Removing ‘Un-Historic’ Plants from Historical Village

Credit: Barkerville Historic Town and Park

By Lisa Houle | December 16, 2022

When visiting a historic park, one would expect an accurate representation of what life was like in the area during that given time. From the shops with their wares to the clothing worn by actors, the experience should feel authentic, like a step back in time.

Thanks to the recent help of the StrongerBC Quesnel Action Team, Barkerville Historic Town and Park plans to keep the history of its area intact by discouraging the growth of plants not native to the area.

While conducting invasive plant surveys on trails around the Wells/Barkerville area in BC this past summer, the Quesnel team approached management at the park to gain access to the trails leading to Barkerville. The landscaper showed the team around, aware of invasive species in the area but unsure of the best way to deal with the infestations.

Mountain bluet rosettes growing alongside the trail at Barkerville \ Credit: Robyn Lakes, ISCBC

The team found  Mountain bluet (Centaurea montana), a Priority 1 species for the Cariboo, as assigned by the Cariboo Chilcotin Coast Invasive Plant Committee (CCCIPC). Under their classification, this species is newly established with a limited distribution but has the potential to flourish and spread if it is not eliminated or managed. The objective for this priority level is elimination.

Mountain bluet growing amongst heritage buildings
Photo credits: Robyn Lakes, ISCBC

“The initial surveys were conducted in August while we still had a team of four, but the management was done in October by myself and Nolan Dyck. We waited until after the park had officially closed to visitors before doing management as we knew we would be spraying herbicide,” said Robyn Lakes, Quesnel Action Team Supervisor for ISCBC.

“There were patches of Mountain bluet around the town which we treated with either herbicide or hand-pulling. Other species of concern were Field scabious (Knautia arvensis), Common tansy (Tanacetum vulgare), Canada thistle (Cirsium arvense), Oxeye daisy (Leucanthemum vulgare), and Orange and Yellow hawkweed (Hieracium spp.). Those infestations were much smaller, and we were able to treat them with herbicides.”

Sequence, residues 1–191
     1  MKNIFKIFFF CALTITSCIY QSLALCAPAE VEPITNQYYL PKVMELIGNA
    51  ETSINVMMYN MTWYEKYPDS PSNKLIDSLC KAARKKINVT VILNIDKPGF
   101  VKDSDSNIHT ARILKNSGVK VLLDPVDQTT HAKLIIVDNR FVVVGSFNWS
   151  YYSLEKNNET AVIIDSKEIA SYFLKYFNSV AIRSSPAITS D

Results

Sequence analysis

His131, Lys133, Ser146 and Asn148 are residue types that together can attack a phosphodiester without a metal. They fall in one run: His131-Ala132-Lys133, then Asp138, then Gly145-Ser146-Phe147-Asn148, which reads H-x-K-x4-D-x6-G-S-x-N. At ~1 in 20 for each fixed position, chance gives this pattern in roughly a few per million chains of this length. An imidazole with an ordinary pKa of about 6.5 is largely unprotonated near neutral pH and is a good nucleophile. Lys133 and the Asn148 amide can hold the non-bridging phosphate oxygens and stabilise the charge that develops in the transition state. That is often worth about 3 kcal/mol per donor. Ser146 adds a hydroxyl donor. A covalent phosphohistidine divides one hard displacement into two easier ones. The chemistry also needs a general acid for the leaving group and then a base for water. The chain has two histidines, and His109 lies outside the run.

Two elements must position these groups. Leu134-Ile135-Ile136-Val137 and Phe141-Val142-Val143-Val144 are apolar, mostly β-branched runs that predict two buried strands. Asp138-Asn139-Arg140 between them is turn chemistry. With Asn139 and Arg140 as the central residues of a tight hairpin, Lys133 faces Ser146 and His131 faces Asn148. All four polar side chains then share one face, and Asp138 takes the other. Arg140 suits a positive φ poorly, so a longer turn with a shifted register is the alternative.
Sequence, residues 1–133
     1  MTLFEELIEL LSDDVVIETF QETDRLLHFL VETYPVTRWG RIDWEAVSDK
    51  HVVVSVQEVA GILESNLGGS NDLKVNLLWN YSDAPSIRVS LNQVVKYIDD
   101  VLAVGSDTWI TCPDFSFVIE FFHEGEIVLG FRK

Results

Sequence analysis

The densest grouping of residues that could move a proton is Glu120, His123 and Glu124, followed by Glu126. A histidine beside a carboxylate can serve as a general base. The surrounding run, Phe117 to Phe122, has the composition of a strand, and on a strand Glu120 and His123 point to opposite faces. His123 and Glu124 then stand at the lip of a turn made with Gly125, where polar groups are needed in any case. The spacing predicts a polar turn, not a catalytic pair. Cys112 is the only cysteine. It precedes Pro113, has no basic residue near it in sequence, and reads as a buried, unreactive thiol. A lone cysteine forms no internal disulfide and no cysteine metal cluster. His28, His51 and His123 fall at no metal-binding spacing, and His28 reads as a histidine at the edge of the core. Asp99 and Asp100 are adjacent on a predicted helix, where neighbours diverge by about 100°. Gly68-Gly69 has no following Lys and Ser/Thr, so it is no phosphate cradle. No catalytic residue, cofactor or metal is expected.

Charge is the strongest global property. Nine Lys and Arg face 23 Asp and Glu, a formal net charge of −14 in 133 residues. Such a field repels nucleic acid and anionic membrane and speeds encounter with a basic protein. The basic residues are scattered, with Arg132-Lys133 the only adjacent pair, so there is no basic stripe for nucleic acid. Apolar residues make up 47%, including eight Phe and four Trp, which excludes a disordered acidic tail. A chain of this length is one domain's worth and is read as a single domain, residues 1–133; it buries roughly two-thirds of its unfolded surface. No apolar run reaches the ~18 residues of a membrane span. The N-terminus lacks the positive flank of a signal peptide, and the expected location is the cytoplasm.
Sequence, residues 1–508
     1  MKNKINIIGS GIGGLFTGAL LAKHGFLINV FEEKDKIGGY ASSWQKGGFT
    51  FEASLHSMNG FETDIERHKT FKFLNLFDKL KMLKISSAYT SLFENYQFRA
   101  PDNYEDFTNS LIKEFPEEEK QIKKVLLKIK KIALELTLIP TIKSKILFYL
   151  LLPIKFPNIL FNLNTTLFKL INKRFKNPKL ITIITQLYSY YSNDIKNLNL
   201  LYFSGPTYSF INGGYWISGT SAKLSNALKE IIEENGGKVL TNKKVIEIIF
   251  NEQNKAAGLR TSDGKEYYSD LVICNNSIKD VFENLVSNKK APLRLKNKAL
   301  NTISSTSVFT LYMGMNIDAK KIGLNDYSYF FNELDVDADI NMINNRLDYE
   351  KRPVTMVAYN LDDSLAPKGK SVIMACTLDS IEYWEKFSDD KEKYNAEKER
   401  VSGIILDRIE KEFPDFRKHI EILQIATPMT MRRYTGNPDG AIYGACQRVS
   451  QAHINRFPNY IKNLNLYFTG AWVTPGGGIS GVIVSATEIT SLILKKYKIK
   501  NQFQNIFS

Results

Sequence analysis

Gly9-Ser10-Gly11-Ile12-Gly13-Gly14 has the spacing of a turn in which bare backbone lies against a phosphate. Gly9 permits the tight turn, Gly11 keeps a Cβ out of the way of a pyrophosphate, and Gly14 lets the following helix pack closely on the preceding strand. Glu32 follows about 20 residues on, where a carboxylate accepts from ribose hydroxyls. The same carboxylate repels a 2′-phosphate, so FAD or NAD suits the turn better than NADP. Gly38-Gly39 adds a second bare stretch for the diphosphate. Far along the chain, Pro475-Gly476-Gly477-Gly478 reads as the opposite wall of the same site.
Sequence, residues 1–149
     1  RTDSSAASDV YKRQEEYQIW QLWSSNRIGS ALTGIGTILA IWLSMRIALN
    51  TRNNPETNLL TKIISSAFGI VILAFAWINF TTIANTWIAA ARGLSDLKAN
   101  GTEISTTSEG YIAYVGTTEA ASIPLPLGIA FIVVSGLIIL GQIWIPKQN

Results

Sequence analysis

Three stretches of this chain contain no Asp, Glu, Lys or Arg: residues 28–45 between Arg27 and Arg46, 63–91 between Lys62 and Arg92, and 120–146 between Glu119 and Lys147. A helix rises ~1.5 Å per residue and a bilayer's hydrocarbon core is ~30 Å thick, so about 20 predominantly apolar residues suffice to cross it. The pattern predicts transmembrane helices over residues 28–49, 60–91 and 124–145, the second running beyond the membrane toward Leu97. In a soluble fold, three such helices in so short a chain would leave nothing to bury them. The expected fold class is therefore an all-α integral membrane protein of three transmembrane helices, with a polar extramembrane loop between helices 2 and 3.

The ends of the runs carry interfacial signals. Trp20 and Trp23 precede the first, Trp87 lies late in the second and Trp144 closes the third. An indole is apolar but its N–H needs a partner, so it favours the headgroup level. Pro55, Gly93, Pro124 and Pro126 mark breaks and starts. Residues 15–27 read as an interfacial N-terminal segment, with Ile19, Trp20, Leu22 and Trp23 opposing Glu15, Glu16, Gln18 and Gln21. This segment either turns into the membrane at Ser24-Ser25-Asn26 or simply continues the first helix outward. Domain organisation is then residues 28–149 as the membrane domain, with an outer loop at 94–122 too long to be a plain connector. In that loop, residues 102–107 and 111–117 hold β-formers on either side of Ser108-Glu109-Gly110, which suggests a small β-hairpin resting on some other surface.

Field scabious and Common tansy are Priority 2 species in the North Cariboo. The goal for those species is to prevent them from spreading outside containment zones like the one around Cottonwood House Historic Site on the Goldrush Trail, which is also managed by Barkerville. In total, approximately 0.8 hectares were sprayed (directly onto the target plants only) and 1.5 bags of Mountain bluet and Field scabious were removed.

Field scabious, a second priority species removed at Barkerville \ Credit: ISCBC

Barkerville Historical Village is a popular tourist spot, and the movement of people through tourism is a well-known way that invasive species spread.

“It was great to be able to work in collaboration with Barkerville. They have a lot of visitors throughout the season, which means a lot of opportunities for invasive species to spread. By removing these plants from Barkerville and its affiliated sites, we can prevent their further spread,” said Robyn. “They are also very eager to learn more and train their staff on invasive species. This would provide not only an opportunity for staff to be educated on invasive species, but also for staff to educate guests to the park. We were able to come up with a management plan for Barkerville, enabling them to continue the management – and hopefully the eradication – of the invasive species on site.”

Mandy Kilsby, Curator of the historic park, expressed her appreciation for the team’s work and for the thorough report.

“This document makes it very easy for us to plan out future work on the site and to train groundskeeping staff in what to look for,” said Mandy. “You’re welcome to come visit us any time!”

To help prevent the spread of invasive species: stay on designated trails only; inspect and remove dirt, plants and bugs from your clothing, boots, gear, pets, and vehicles before leaving a site; and learn to identify common invasive species and report them. These are all practices encouraged by the behaviour change program Play, Clean, Go.

Find out more about invasive species in BC – take a learning break with some of ISCBC’s free coursesTourism and Invasive Species and Invasive Species 101.

ISCBC is grateful for funding from the Stronger BC initiative of the BC government to support training and employment for people in jobs that will help protect BC’s biodiversity.


Lisa is a Communications and Outreach Coordinator at ISCBC. She values a diverse environment and connecting with others about environmental protection. In her spare time Lisa enjoys spending time at the ocean and beach combing for sea glass. You can reach Lisa at [email protected]



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